LaunchKC ed tech startup is gamifying learning
Clarence Tan started building mobile video games about seven years ago and then started getting contracts to build educational games.
The first time he watched a young girl play an educational game, he noted how her eyes lit up — she didn't realize she was doing homework. That experience sparked Tan's passion for the education space, eventually leading to his newest venture: ed tech startup Boddle Learning, which won a $50,000 LaunchKC grant earlier this month.
"I want to build an educational experience that is really fun for kids to where they don't mind learning – it's something they look forward to," Tan told the Kansas City Business Journal.
Boddle plans to use the LaunchKC funding boost to build out premium features to monetize its educational gaming platform, design more interactive games and launch the game in the App Store.
Teachers at several area school districts already are testing the gaming platform that's based on Common Core curriculum. Districts include Kansas City Public Schools, Hickman Mills and Grandview. Gordon Parks Elementary School also ispiloting the technology, along with the Local Investment Commission's (LINC)after-school program. The pilot started just a few weeks ago, but Gordon Parks Principal Jennifer Hagemaster already is seeing positive traction.
One aspect she likes is that the game is self-paced, making it personal for each student. Currently, Gordon Parks' teachers are using the game as a means for students to practice and master concepts they've already been learning in the classroom.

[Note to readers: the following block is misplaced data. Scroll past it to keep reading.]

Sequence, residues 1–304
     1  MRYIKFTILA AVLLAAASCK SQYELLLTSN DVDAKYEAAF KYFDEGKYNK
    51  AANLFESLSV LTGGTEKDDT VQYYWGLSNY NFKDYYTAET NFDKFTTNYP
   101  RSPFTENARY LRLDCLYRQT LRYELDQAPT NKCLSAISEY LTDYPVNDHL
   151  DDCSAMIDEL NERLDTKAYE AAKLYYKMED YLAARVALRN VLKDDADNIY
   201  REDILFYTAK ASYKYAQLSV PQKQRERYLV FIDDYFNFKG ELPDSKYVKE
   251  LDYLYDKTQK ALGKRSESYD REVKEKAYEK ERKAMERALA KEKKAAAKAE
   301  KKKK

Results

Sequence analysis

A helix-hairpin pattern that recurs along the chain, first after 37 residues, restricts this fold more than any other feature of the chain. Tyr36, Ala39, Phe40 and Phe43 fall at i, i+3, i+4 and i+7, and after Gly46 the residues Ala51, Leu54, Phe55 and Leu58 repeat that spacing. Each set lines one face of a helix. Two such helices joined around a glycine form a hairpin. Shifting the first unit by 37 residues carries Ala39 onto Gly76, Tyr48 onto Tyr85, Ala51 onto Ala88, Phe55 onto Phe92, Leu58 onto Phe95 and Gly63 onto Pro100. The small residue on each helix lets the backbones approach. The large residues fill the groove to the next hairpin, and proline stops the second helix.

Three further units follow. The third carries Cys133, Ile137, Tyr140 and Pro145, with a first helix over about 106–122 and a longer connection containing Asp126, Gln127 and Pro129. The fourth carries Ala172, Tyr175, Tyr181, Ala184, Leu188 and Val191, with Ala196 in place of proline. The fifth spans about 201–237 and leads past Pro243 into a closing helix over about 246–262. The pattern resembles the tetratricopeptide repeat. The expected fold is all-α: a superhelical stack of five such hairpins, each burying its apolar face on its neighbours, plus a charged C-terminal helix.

"They love it," Hagemaster said of the students. "They're excited to see what else they're going to experience in the game."
A group of third-graders told her that it doesn't look like an educational game –it looks like a real video game. And that's exactly what Tan and co-founder Edna Martinson are striving for. They secured a number of industry experts to collaborate on developing Boddle, including a TV show music composer who lives in Los Angeles and character developers who have done marketing campaigns for The Walt Disney Co.
Students can customize the look of the game's environment and their Boddle character. Through game challenges, students can earn more customization options, including outfits for their character. As students master more skills in the game, their Boddle character's head fills up with liquid that can be used later to water the environment and spur plants and fruit characters to grow. The idea is to promote lifelong learning and show students that they have the power to change their environment for the better and can use their knowledge to help others, he said.
The game also features mini-challenges such as answering math questions correctly to score a soccer goal. It doesn't feel like a typical test and removes that pressure, Martinson said.
Students already participate in a number of pencil-and-paper activities throughout the day, and the Boddle game capitalizes on an activity they enjoy in their free time – playing video games, Hagemaster said. It's engaging and gets student buy-in, she added.
"It's an easy way to get them excited about what they're learning and in a way that makes them not realize they're continuing to learn and practice because they're so engaged in the game," Hagemaster said.
What makes Boddle unique is that it gives teachers the ability to organize the games' lesson order to match their syllabus, she said.
Boddle also features a dashboard with analytics, helping teachers track which students are struggling with a concept or are mastering it. They can view aspects such as individual performance, time spent in the game and how many sessions the student completed.
Ultimately, Tan said, Boddle helps make teachers' lives easier.